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International surrogacy arrangements need parental orders, says UK judge

03 June 2013

By Antony Blackburn-Starza

Appeared in BioNews 707

A UK High Court judge has said applications for parental orders in international surrogacy cases should be encouraged and made promptly.

'The message needs to go out loud and clear to encourage parental order applications to be made in respect of children born as a result of international surrogacy agreements, and for them to be made promptly', Mrs Justice Theis said in her judgment.

Mrs Justice Theis granted an application for a parental order in March this year that was brought by a British couple who had entered into a surrogacy arrangement with a Californian surrogate, in which they paid the surrogate a total of $56,750 for her inconvenience. The judge considered that the sums were not sufficiently disproportionate to expenses reasonably incurred and that the couple had acted in good faith. It was in the interest of the children involved for the order to be granted.

Although payments for surrogacy are not illegal in the UK, payments or benefits or than for expenses reasonably incurred must be authorised by the court before a parental order can be given. Although the High Court has authorised payments before (see BioNews 637 and 676), in this case the payment was somewhat higher, although made in accordance with Californian law.

In giving judgment, Mrs Justice Theis has publicly warned parents of children born through international surrogacy that they must apply to court in the UK. She said: 'The legal relationship between children born as a result of surrogacy arrangements and their intended parents is not on a secure legal footing without [a UK parental order] being made'.

The judge asked for a copy of the judgment to be sent to the Department of Health, which has regulatory responsibility in this area.

Commenting on the case, Natalie Gamble, solicitor for the parents, said: 'Surrogacy law in the UK desperately needs to be updated to deal with the realities of the global fertility market. Our current law was written more than 20 years ago before any of these scenarios were dreamt of, and there is no logical fit between the law here and the law abroad'.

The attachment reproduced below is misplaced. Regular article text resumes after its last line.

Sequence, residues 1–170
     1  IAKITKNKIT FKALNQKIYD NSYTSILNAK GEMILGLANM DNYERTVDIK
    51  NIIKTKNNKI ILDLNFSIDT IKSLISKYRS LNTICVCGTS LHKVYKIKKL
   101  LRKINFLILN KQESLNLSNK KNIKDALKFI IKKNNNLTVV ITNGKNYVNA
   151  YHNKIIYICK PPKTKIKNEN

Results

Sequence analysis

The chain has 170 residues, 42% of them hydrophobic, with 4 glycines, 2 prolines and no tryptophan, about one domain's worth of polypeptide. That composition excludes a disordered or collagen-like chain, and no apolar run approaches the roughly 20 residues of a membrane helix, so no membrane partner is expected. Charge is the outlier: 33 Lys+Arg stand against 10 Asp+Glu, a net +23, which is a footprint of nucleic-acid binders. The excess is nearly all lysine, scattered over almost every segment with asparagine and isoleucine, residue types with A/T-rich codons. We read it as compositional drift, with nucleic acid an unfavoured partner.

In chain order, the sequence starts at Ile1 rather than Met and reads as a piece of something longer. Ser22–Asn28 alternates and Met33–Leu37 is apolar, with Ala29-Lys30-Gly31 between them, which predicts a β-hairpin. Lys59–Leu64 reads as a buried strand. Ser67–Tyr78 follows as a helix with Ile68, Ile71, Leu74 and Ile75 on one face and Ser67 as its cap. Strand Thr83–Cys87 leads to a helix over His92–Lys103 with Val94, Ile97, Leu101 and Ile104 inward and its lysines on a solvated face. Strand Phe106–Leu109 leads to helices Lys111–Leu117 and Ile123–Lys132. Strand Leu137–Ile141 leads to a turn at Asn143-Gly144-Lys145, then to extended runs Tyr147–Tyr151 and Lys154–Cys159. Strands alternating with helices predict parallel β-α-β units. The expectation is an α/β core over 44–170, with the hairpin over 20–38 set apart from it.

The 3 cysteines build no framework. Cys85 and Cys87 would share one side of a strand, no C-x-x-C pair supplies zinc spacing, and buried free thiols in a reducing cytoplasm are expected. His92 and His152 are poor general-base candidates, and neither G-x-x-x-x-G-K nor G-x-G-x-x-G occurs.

RELATED ARTICLES FROM THE BIONEWS ARCHIVE

02 October 2017 - by Andrew Powell 
A recent case is noteworthy not only for clinical negligence lawyers but also those interested in surrogacy and the wider public policy debate in the UK...
08 June 2015 - by Michael Wells-Greco 
On 21 May 2015 the Swiss Federal Court refused to register a male couple - who are in a civil partnership and living in Saint-Gallen, Switzerland - as the legal fathers of a child born following an inter-country surrogacy arrangement...
09 March 2015 - by Antony Blackburn-Starza 
A single father has adopted his biological child born to his mother in a surrogacy arrangement using donor eggs...
05 August 2013 - by Susan Imrie and Vasanti Jadva 
The Human Fertilisation and Embryology Authority intends to update its guidance on surrogacy for clinics, and while we welcome this clarification, it is also important to consider how surrogates feel the law shapes their experiences...

07 May 2013 - by Natalie Gamble 
The Human Fertilisation and Embryology Authority (HFEA) voted on 20 March 2013 to update the guidance it gives to UK fertility clinics on surrogacy. It is a welcome decision that will mean better support for the growing numbers of families created through surrogacy in the UK....
28 January 2013 - by Nina Chohan 
An Irish couple has brought a legal challenge against the State for refusing to remove the surrogate mother from their children's birth certificates and to register the genetic mother as a legal parent...
08 October 2012 - by Ruth Retassie 
A male couple in the UK has been awarded legal parenthood over twins born through an Indian surrogacy arrangement without the consent of the mother....
12 December 2011 - by Antony Blackburn-Starza 
The UK's High Court has granted parental orders to a couple over two children born through an international surrogacy arrangement, ruling that payments made to the Indian surrogates were not 'disproportionate'...

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